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Death of Thrasea Paetus

What changed?

What might decided that Nero simply became bored of the opposition or his morals weakened yet further and he became more tyrannical. Nero the monster is a very simple attractive explanation.

But context is important.

The conspiracy of Piso and the swath of the Roman elite cut down in the conspiracy undermined Nero’s political position. Nero took pains to show that the conspiracy was real. But the killings raised the political stakes. Were there others looking to remove the emperor? Would the emperor strike at others whom he perceived as potential threats?

Once the Pisonians were rounded up, the killings continued.

  • Poppaea was killed, rumoured to have been kicked by Nero while pregnant and dying of her injuries (Tacitus, Annales 16.6; Suetonius, Nero 35). She was treated with great honours in her funeral. In itself, her death was probably of limited political significance, but it did leave Nero yet more isolated and still in want of heir.
  • Caius Cassius was banned from the funeral. A trial followed, though the charge is not reported. He was of a very eminent family, descended from the Cassius who had killed Caesar, wealthy, but also morally restrained. He honoured his ancestor, as most Romans did, and this seems enough to have have roused suspicion. He was exiled.
  • His fall was coupled with that of Lucius Silanus, a man from an equally noble family. No wrong doing is reported. He was first exiled and then killed (Tacitus, Annales 16.7-9).
  • The next victims were Lucius Vetus, Sextia (his mother-in-law) and his daughter. Vetus had been consul with Nero in 55 and was a very important figure in the senate. He was placed under house arrest following accusation levied by a man he had imprisoned while governor. He sent his daughter to petition Nero, but he refused to see her and she took to haunting his doors and shouting out to him. In the end, he quietly disposed of his property and all three of them killed themselves in the same room (Tacitus, Annales 16.10-11) .
  • In 66, there were more deaths. Publius Anteius, a rich senator, and Ostorius Scapula, a military hero who had fought in Britain, were named as conspirators (Tacitus, Annales 16.14-15). 
  • Three other figures followed: Annaeus Mela, Cerialis Anicius, Rufius Crispinus. Annaeus Mela was the father of the poet Lucan. All three were remote from the centre of power (Tacitus, Annales 16.17).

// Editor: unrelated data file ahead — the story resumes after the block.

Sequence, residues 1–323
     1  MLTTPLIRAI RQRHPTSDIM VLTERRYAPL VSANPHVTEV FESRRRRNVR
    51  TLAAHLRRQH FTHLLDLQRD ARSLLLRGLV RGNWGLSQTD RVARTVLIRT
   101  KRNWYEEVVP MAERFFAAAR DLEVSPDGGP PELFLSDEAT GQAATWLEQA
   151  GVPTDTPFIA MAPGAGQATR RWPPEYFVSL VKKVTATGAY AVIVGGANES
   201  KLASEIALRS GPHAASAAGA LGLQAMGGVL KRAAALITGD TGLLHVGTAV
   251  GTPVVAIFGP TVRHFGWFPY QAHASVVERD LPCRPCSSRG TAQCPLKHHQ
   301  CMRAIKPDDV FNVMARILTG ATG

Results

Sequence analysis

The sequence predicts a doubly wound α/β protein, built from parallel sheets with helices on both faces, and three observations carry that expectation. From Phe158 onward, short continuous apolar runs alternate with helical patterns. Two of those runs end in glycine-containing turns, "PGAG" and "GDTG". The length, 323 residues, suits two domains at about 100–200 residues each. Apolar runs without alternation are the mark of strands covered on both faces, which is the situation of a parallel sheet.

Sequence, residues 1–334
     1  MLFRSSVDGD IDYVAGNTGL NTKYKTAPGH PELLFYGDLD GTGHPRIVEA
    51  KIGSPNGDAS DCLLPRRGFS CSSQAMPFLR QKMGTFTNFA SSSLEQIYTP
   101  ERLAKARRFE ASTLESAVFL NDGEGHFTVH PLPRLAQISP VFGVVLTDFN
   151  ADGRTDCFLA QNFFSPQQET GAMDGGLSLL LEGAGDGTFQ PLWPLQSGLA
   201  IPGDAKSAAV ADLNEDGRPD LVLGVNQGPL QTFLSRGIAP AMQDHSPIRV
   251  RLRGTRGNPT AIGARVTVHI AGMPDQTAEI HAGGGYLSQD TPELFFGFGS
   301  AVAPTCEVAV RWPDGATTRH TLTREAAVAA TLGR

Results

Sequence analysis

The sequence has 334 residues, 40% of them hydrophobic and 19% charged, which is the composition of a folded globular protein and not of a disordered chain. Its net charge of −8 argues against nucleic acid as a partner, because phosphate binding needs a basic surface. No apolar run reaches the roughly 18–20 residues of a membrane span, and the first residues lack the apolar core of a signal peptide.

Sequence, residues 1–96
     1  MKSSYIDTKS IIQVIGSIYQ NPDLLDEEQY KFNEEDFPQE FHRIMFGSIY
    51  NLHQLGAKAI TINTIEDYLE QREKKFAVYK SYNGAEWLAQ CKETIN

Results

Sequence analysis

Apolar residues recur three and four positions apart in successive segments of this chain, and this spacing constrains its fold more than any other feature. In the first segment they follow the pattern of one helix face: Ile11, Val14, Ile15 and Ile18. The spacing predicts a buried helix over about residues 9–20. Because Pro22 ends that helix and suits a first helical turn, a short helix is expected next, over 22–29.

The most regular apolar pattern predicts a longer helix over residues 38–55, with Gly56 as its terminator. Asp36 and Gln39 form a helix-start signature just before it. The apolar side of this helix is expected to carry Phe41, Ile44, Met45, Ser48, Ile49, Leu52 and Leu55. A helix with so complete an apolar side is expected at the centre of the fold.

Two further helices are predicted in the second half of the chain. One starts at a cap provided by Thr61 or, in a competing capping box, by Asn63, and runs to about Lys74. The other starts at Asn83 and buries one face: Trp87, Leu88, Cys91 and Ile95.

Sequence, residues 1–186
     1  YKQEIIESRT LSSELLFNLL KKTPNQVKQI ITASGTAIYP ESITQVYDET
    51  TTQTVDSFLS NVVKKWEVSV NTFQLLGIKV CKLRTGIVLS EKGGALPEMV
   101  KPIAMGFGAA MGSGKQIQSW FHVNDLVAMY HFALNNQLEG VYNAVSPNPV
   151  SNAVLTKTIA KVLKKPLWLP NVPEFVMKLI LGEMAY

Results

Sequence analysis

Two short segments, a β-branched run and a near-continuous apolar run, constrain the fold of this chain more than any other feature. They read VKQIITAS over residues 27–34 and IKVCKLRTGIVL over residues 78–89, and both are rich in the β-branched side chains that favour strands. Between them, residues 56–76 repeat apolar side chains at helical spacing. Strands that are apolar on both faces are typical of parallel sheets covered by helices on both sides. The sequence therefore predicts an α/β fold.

• Petronius, the novelist and formerly at the centre of Nero’s court, found that many of his household were arrested and taken in for questioning. The application of torture made it likely that some accusation would emerge and Petronius took his own life. But he did it slowly. Cutting his veins, then binding them and holding a dinner party, reciting some light verses, and then composing a letter in which he detailed Nero’s sexual depravities (Tacitus, Annales 16.18).
  • Then, a Minucius Thermus, who had been praetor, was killed by Tigellinus, the prefect, supposedly in pursuit of a private quarrel.

This is long list. It shows the continued tensions of Rome and the brutality of the regime as it clamped down on supposed threats or dissidents.It was in this context that the attacks on Paetus and his circle began.


The account of the various trials in Tacitus is very detailed (Tacitus, Annales 16.21-35). Cossutianus Capito launched the attack. He was a man Thrasea had himself successfully prosecuted for corruption, but was the son-in-law of Tigellinus. His involvement suggests strongly that Nero was behind the trial.

The charges were, in essence, disloyalty to the regime. He was accused of building a faction opposed to the emperor and of failing to honour the emperor. He was accused of being a revolutionary, not actively, but in leading others towards revolt.

Thrasea consulted his friends as to whether to defend himself. Arulenus Rusticus, who was tribune, offered to veto the trial, which would have caused a major confrontation. Thrasea however proclaimed that resistance was useless, and prepared for the verdict.

Borea Soranus was accused of conspiracy. The evidence was beyond flimsy, but his daughter had consulted fortune-tellers and this added to the suspicion (Tacitus, Annales 16.30-32).

When the verdicts were announced Paetus, Soranus and Servilia, his wife, were condemned to death. Cassius Asclepiodotus was stripped of his property and driven into exile. Helvidius Pricus and Paconius Rufus were exiled were banished from Italy. Curtius Montanus was sent to his father for punishment.

Thrasea killed himself when the verdict was announced, instructing his wife to carry on living for the sake of their daughter. He was surrounded by friends, and they were unlikely to forgive or forget. Thus, Thrasea was added to the growing list of martyrs to Neronian tyranny.

What resulted from the Neronian purge?

More deaths; more violence; more fear; more suspicion. Nero had removed opponents but surely he had made more enemies.

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